Ultrafast Magnon Generation in an Fe Film on Cu(100)

A. B. Schmidt, M. Pickel, M. Donath, P. Buczek, A. Ernst, V. P. Zhukov, P. M. Echenique, L. M. Sandratskii, E. V. Chulkov, M. Weinelt
2010 Physical Review Letters  
We report on a combined experimental and theoretical study of the spin-dependent relaxation processes in the electron system of an iron film on Cu(100). Spin-, time-, energy-and angle-resolved two-photon photoemission shows a strong characteristic dependence of the lifetime of photoexcited electrons on their spin and energy. Ab initio calculations as well as a many-body treatment corroborate that the observed properties are determined by relaxation processes involving magnon emission. Thereby
more » ... emission. Thereby we demonstrate that magnon emission by hot electrons occurs on the femtosecond time scale and thus provides a significant source of ultrafast spin-flip processes. Furthermore, engineering of the magnon spectrum paves the way for tuning the dynamic properties of magnetic materials. Magnons are the fundamental collective excitations of the electron system of magnetic materials. In collinear ferromagnets each magnon lowers the magnetization by 2 B . Understanding the generation of such spin waves away from thermal equilibrium is necessary to develop a microscopic picture of electron relaxation processes [1,2]. The signature of magnon generation by hot electrons has been found in spin-polarized electron energy loss spectroscopy [3], high-resolution photoemission spectra [4] , and inelastic tunneling spectroscopy [5] . However, these experiments do not address the fundamental problem of the time required to generate a magnon. This is, in particular, important since magnon emission by excited electrons is commonly viewed as a slow process, occurring within picoseconds [6] . In contrast, laser-induced magnetic phase transitions are reported to take place in the femtosecond range [7-9]. Though parameterized models now describe major properties of laser-induced demagnetization dynamics, a microscopic understanding of these processes is still under debate [10] [11] [12] . In this Letter we present a combined experimental and theoretical approach to study ultrafast electronic dynamics in magnetic systems. The system we consider is a 3 monolayer iron film on Cu(001), since theory predicts spin-wave effects to be strong in Fe [13, 14] . A precise two-photon photoemission (2PPE) experiment with spin, time, energy, and angular resolution allows us to detect characteristic properties in the spin, energy, and momentum dependence of the lifetime of excited states. Based on ab initio calculations of the ground state and the magnetic excitation of the system as well as the evaluation of the electron lifetimes within a many-body treatment of the electron self-energy, we show that the observed properties are determined by electron-magnon interaction. Our most fundamental result is that the emission of magnons by hot electrons takes place on a femtosecond time scale. This implies that magnon emission must be considered an important contribution to femtomagnetic properties of 3d ferromagnets. In our 2PPE experiment we probe the spin-dependent decay mechanisms of photoexcited electrons occupying image-potential states [15] . This class of surface states is localized several angstroms in front of the surface and they are established as the model system of choice for the study of electron dynamics [16] . As sketched in Fig. 1(a) , a first femtosecond laser pulse @! a excites an electron from bulk states below the Fermi level E F into the unoccupied imagepotential-state band and from there a second pulse @! b raises the excited electron above the vacuum level E vac . The photoelectrons are then selected by energy and their spin polarization is determined (for further details see Ref. [17]). Measuring the energy as a function of the momentum parallel to the surface Eðk k Þ yields the first and second band (n ¼ 1, 2) with a two-dimensional parabolic dispersion [18] as depicted in Fig. 1(a) . Their exchange splitting is a signature of the ferromagnetic order in the iron film at the measurement temperature of 90 K (T=T C ¼ 0:24) [19, 20] . The lifetime of electrons photoexcited to the n ¼ 1 band is accessed by shifting the time delay between pump and probe pulse. Figure 1(b) features six of such traces recorded at fixed kinetic energy, parallel momentum, and PRL 105, 197401 (2010)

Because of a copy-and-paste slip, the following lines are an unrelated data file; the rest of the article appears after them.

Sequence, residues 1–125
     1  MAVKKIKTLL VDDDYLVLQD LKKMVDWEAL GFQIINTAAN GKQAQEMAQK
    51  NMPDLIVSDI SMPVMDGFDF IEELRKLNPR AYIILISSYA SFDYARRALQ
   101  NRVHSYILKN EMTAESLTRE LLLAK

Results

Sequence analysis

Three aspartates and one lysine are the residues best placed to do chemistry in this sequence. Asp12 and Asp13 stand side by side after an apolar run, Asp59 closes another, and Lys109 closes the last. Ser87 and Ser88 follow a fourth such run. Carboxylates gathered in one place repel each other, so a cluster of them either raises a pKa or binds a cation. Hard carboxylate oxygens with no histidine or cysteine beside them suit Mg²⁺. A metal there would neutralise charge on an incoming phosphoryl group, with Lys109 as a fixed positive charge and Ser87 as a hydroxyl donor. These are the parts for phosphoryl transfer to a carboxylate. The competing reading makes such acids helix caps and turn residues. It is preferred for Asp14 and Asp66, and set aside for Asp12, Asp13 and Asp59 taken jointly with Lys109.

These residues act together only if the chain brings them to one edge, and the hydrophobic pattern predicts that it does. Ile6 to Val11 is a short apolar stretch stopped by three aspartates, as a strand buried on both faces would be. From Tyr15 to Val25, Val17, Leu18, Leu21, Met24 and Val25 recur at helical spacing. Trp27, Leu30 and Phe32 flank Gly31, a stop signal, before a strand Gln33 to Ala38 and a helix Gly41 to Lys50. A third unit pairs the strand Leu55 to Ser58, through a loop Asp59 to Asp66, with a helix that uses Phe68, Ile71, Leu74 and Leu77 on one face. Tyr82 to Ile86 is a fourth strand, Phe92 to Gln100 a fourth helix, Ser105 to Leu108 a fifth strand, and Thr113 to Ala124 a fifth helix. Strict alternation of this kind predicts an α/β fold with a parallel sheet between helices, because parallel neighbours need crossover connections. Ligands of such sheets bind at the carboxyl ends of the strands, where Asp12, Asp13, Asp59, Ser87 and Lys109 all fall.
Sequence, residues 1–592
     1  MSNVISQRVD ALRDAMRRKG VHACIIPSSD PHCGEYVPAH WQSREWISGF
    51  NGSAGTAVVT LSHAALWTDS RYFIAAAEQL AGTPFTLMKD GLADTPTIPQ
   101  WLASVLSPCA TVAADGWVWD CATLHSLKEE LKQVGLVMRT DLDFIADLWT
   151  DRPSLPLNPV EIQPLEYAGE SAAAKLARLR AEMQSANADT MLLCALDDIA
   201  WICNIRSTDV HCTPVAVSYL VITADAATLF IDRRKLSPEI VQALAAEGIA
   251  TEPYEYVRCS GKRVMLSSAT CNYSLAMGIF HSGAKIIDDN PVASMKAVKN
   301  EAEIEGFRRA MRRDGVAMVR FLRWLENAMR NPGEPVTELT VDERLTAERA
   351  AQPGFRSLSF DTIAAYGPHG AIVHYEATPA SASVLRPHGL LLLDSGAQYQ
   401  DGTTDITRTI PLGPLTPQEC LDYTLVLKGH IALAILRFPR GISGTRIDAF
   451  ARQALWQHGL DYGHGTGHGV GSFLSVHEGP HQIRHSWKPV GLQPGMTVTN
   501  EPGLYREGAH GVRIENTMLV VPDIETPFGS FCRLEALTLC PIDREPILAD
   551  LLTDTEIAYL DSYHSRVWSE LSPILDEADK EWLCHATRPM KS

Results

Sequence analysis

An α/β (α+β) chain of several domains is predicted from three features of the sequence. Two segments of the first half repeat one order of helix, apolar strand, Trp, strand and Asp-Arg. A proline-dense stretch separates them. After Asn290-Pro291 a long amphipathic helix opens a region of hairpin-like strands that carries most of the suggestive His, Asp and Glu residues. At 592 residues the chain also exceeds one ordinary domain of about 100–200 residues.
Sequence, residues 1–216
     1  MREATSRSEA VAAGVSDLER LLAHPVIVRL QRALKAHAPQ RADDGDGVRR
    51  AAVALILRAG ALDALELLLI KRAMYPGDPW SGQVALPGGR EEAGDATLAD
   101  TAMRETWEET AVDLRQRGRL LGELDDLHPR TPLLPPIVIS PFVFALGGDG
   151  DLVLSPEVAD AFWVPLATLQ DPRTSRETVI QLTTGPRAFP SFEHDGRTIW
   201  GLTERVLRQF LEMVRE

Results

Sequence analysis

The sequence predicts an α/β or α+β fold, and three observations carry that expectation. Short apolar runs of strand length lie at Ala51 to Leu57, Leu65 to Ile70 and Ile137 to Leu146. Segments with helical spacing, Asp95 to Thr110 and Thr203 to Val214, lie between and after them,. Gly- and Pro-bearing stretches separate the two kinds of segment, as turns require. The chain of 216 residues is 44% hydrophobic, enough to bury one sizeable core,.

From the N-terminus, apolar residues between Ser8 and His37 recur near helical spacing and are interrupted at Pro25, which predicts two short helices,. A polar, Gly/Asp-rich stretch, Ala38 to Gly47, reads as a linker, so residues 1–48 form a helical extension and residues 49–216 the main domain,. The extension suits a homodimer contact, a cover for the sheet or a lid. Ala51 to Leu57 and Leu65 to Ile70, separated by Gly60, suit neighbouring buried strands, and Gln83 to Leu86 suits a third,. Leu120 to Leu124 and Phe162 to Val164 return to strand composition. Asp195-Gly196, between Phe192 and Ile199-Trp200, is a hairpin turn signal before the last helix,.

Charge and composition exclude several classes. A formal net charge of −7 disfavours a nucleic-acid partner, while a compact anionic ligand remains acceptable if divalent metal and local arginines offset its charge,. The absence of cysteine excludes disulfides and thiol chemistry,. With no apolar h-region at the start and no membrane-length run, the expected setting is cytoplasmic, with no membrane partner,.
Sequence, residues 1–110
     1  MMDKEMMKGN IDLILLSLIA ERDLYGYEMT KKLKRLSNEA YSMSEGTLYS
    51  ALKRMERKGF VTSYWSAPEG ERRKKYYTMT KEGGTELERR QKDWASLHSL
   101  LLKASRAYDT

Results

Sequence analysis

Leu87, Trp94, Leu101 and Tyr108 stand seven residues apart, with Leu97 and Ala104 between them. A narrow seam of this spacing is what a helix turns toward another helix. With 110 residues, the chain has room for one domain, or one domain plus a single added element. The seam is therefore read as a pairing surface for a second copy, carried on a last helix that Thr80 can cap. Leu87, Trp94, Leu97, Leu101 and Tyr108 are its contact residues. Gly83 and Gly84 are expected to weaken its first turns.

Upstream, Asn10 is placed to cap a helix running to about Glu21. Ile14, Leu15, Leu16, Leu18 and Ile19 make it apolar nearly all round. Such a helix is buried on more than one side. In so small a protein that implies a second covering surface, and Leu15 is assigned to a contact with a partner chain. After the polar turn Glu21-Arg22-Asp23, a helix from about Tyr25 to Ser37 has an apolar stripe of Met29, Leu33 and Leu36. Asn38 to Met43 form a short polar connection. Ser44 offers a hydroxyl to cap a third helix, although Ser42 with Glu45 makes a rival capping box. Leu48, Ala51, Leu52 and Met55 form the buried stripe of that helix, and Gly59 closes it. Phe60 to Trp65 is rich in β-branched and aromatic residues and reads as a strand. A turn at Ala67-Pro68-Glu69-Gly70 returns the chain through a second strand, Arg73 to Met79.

doi:10.1103/physrevlett.105.197401 pmid:21231194 fatcat:au65acuk5bdvrgzy2bmbyeumfy